The Kick-Ass Hair Diet

The phrase “you are what you eat” should be taken quite literally when it comes to your hair — if you eat bad food, your mane is going to look all kinds of blah. Conversely, if you load up on certain vitamins, minerals, and proteins, you’ll have envy-inducing tresses that shine and sparkle like a shampoo commercial.

“Promoting healthy hair growth, similar to having healthy skin and nails, has everything to do with the quality of your daily nutrition,” says Lana Masor, MS, RYT, a nutritionist in New York City. “Your body is made up of cells — and the healthier your diet, the healthier overall cell growth you have throughout your body — including hair.” So, what should you munch on to make sure your mane is the kind that makes other girls weep with envy?

First, skip the get-gorgeous-hair-in-a-bottle promises (we know there’s a slew of them on store shelves, and it’s so tempting to simply pop a pill). “Try to avoid going for supplements in order to give your body the nutrition it deserves, and instead, reach for wholesome and natural foods,” says Masor. Plus, you’ve got to eat food anyway, so why not make sure to pile your plate with those that contain nutrients that pack a serious ah-mazing hair punch? They’ll do your health and hair good, promise. Read on for the scoop on which foods you need to eat to score luscious locks, plus a perfect-hair-day meal plan to get you headed (get it?) in the right direction.

Sources of Omega-3 Fatty Acids

Omega-3 Fatty Acids

Found in salmon, sardines, flaxseed, and walnuts.

“A diet that is full of omega-3 fatty acids reduces inflammation throughout the body, including the scalp, promoting better hair growth and even preventing hair loss,” says Masor. “One that is lacking can have a dry scalp, causing hair to be dry and lackluster.” Not. Pretty.

Sources of Vitamins A & C

Vitamins A & C

Found in spinach, Swiss chard, sweet potatoes, carrots, butternut squash, bell peppers, kale, broccoli, brussel sprouts, and strawberries.

“Your body needs both vitamins A and C to produce sebum, which is the oil secreted by your hair follicles that prevent your hair from drying out,” says Masor. Translation: They give you crazy shine without requiring you to glob on the hair oil.

Sources of Zinc


Found in cashews, pecans, almonds, and oysters.

“Include some of these zinc-rich foods in your diet daily to prevent excess hair shedding,” says Masor. This essential mineral helps your hair stay put — as in, doesn’t fall out before its time is up in the growth cycle — which means you’ll have more lush hair to toss around as you walk and less lurking in your brush post-style session.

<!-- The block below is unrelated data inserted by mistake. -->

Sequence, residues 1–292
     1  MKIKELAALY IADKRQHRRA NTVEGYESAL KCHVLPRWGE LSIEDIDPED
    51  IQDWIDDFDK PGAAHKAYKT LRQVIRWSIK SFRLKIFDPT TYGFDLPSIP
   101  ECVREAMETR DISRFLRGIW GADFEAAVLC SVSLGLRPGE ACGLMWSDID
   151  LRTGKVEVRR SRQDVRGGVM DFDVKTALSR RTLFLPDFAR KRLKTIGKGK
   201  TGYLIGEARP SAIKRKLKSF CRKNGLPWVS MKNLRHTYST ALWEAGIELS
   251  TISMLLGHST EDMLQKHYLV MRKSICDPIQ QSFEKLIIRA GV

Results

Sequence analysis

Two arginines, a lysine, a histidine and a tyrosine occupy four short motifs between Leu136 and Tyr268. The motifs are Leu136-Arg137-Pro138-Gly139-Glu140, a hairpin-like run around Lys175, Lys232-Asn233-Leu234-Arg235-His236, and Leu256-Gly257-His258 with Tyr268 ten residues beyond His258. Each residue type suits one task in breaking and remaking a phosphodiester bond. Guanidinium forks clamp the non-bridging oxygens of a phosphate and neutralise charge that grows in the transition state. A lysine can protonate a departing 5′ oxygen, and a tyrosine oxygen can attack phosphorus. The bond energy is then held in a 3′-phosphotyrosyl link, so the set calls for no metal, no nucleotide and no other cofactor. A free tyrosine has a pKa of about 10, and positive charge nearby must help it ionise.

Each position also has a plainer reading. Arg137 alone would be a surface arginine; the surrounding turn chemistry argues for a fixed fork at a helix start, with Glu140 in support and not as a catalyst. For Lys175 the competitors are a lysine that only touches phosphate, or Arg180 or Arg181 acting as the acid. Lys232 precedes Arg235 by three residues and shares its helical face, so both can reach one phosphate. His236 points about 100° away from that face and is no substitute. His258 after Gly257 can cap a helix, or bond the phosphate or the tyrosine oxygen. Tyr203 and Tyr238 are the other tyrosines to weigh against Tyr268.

Sources of Protein


Found in low-fat dairy products, chicken, and eggs.

“People who have inadequate amounts of high-quality protein in their diets may experience brittle and weak hair,” says Masor. Why? Because protein make up the building blocks of hair (it makes up the inside of every single strand), so if you’re low on this bad boy in your diet, your hair is going to be, too. Then, it’s going to seem finer and not as full.

Sources of Biotin And Vitamin B12

Biotin And Vitamin B12 

Found in egg yolks, beans, fish, legumes, nuts, oatmeal, peanut butter, poultry, and yogurt.

You all know the B word by now because it’s called out on every hair and skin supplement bottle on the market — and for good reason: “Biotin is a form of vitamin B that increases elasticity of the hair’s cortex, preventing breakage,” says Masor. “Vitamin B12 specifically promotes the development of red-blood cells — which carry oxygen to all of our cells, including the ones in our hair follicles, and also helps it function optimally.”

Perfect Hair

The Perfect Hair Day Meal Plan

Low-fat Greek yogurt (such as Fage 2%) and add chopped walnuts or 1 tablespoon of ground flaxseed and some fresh strawberries
Steel-cut oatmeal with chopped walnuts or flaxseed
Eggs cooked up any style you like. Better yet, an omelet with an assortment of fresh veggies (make sure to throw in some bell peppers)

Fresh salad with quinoa, kale, lentils, and salmon

1 slice of Ezekiel Bread with organic peanut butter or almond butter
2 hard-boiled eggs
Cottage cheese with fresh berries

Pecan Crusted Chicken with butternut squash 

½ cup spicy brown mustard
1 tbsp. raw organic honey
1 cup pecans, crushed
4 boneless skinless chicken breasts

Preheat oven to 350 degrees F. In a medium-sized bowl, whisk together the mustard and honey. Toss the pecans in a food processor and pulse until the nuts are finely chopped. Pour the chopped pecans into a large bowl and set aside. Using a paper towel, remove any excess moisture from the outside of the chicken breasts. Taking one chicken breast at a time, roll the chicken in the mustard-honey mixture and coat on both sides.

Transfer the coated chicken into the chopped pecans and, again, cover both sides. Place the crusted chicken into a greased glass baking dish (you can use coconut oil) and sprinkle each chicken with a little sea salt if desired. Bake 45 minutes or until the chicken juices run clear. Cut the butternut squash up into cubes and bake on high heat on a cookie sheet in the oven until soft, then sprinkle with cinnamon or pumpkin spice.

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